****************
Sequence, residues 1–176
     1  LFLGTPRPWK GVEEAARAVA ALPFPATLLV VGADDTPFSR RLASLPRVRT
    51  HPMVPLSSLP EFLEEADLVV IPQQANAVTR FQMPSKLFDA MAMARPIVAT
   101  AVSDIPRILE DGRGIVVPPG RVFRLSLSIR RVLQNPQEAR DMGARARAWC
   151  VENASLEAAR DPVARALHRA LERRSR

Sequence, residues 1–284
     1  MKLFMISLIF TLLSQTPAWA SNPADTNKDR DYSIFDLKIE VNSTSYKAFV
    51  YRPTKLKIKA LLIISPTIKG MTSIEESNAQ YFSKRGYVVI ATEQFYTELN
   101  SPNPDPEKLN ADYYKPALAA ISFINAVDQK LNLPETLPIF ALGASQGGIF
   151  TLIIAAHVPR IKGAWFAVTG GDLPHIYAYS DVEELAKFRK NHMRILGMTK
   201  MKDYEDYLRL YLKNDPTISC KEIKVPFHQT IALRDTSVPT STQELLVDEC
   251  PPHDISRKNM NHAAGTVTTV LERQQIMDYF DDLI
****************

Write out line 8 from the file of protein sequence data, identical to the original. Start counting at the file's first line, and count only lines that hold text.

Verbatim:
    51  YRPTKLKIKA LLIISPTIKG MTSIEESNAQ YFSKRGYVVI ATEQFYTELN